Between old and new, an artful transition

A neighbourhood’s transformation is never as dramatic as it seems in hindsight, wrote the Toronto Star Oct. 21. It morphs incrementally, often without long-term design. So sleepy, postwar bungalows give way to “monster” homes and towering condos.

It is this transformation, and the anxiety that can go along with it, that a collective of artists and researchers are hoping to explore in The Leona Drive Project, an ambitious contemporary art exhibition using five vacant bungalows on Leona Drive, a residential street a couple of blocks southeast of Yonge and Sheppard. The houses, owned by Hyatt Homes, are slated for demolition next month to make way for eight new homes.

“Willowdale is a space that’s in transition between the old suburb and the new suburb,” says co-curator Janine Marchessault, artist, professor and Canada Research Chair in Art, Digital Media & Globalization in York’s Faculty of Fine Arts. “I think (the project) is a way of engaging with material history that you wouldn’t get if you had just gone to a library or archive.”

The exhibit includes 20 installations, created by dozens of artists in a variety of media, exploring the shift from the traditional Canadian suburb to its modern incarnation. The interactive, sensory pieces – which include a house painted entirely green to resemble a Monopoly game piece, and a washroom decorated with more than 100 shades of red lipstick – blend the quotidian and the absurd in their reimagining of suburban life.

Two graduate students are also producing an archived history of the area to accompany the exhibition.

“History tends to overlook people like developers and builders,” says York graduate student Steven Logan, who has extensively researched the development of the area. “They’re not pioneers like David Gibson (remembered in the Gibson House Museum), so they kind of escape history.”

Logan said he hopes the exhibition and his research show the different layers of suburban life. “You think of the suburb as static but it’s not. It’s part of the process of urbanization.”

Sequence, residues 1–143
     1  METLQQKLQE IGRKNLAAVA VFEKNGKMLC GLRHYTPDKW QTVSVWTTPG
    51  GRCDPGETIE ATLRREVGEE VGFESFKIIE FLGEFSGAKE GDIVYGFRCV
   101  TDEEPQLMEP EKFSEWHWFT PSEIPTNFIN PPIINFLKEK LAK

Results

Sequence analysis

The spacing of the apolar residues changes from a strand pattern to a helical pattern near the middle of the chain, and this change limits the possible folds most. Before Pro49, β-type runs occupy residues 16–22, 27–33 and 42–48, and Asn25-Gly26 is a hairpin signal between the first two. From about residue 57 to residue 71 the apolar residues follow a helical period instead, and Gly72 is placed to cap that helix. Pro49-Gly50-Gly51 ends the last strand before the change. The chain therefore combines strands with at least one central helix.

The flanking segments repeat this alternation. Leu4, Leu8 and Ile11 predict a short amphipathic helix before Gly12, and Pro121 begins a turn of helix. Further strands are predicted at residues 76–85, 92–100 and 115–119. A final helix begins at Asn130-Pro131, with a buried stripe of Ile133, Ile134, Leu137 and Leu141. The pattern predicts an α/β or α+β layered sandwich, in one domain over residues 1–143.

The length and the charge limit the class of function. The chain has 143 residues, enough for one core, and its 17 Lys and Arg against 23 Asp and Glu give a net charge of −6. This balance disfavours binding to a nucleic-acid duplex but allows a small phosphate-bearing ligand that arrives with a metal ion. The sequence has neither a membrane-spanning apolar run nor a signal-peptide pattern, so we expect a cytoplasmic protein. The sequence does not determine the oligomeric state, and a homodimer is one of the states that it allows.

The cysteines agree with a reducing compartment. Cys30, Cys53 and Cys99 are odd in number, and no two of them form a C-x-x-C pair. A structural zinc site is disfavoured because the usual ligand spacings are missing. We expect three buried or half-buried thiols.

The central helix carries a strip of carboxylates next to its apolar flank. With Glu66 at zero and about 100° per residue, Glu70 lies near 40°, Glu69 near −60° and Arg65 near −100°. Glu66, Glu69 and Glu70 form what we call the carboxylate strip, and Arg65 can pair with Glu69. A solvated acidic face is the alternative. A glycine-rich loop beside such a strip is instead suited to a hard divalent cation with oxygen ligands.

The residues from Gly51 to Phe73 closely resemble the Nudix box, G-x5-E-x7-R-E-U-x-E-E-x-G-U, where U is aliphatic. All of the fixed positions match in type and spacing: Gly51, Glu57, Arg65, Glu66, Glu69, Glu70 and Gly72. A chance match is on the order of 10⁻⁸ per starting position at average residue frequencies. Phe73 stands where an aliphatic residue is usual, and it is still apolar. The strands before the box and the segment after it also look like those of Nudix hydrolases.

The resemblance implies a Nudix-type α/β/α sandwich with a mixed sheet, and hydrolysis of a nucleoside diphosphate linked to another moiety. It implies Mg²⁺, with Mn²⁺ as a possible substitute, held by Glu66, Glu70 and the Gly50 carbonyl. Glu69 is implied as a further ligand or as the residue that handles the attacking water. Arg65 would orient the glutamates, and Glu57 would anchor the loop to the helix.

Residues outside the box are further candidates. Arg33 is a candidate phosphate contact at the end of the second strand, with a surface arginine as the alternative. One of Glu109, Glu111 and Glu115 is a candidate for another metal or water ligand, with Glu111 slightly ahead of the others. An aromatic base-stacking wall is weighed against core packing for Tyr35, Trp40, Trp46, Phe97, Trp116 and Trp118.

“There’s a utopian blueprint there for giving people a sense of community, of hope for the future,” says Marchessault.

Ottawa makes the right moves

The federal government is making all the right moves as it works to set up a single pan-Canadian agency to regulate the securities markets, wrote the Montreal Gazette Oct. 21 in an editorial.

Ottawa plainly believes it has the whip hand legally, since Section 91 of the Constitution Act puts “regulation of trade and commerce” among federal powers, along with defence, currency, the post office, etc. Legal experts agree. “The consensus view among most constitutional scholars is the federal government has the full authority to proceed,” Patrick Monahan, vice-president academic & provost of York University, told The Globe and Mail.

York wins OUA tennis crown in Oshawa

The York University tennis team defeated the University of Waterloo 4-2 in the gold medal match of the Ontario University Athletics men’s tennis championships, hosted by the University of Ontario Institute of Technology at the Campus Tennis Centre, wrote Oct. 20. The win marked York’s eighth overall men’s team title.

“The players on both teams played extremely well (Sunday),” said York head coach Michael Mitchell. “We knew going into the match that Waterloo was a tough opponent but we managed to come out with the win. Our entire team worked hard for this victory.”

On air

  • Irving Abella, history professor in York’s Faculty of Liberal Arts & Professional Studies, and Ali Kazimi, film professor in York’s Faculty of Fine Arts, spoke about their research into Canada’s history of dealing with immigrants, on CBC Radio’s “The Current” Oct. 20.
  • Jennifer Hyndman, professor in York’s Centre for Refugee Studies, spoke about Canadian attitudes to the refugee system on CBC Radio’s “The World Today” Oct. 10.
  • Paul Delaney, professor of astronomy and physics in York’s Faculty of Science & Engineering, spoke about the discovery of new planets on CTV News Oct. 20.
  • Jim Gillies and Bill Dimma, professors emeriti in the Schulich School of Business at York University, spoke about pensions and executive compensation on BNN-TV Oct. 20.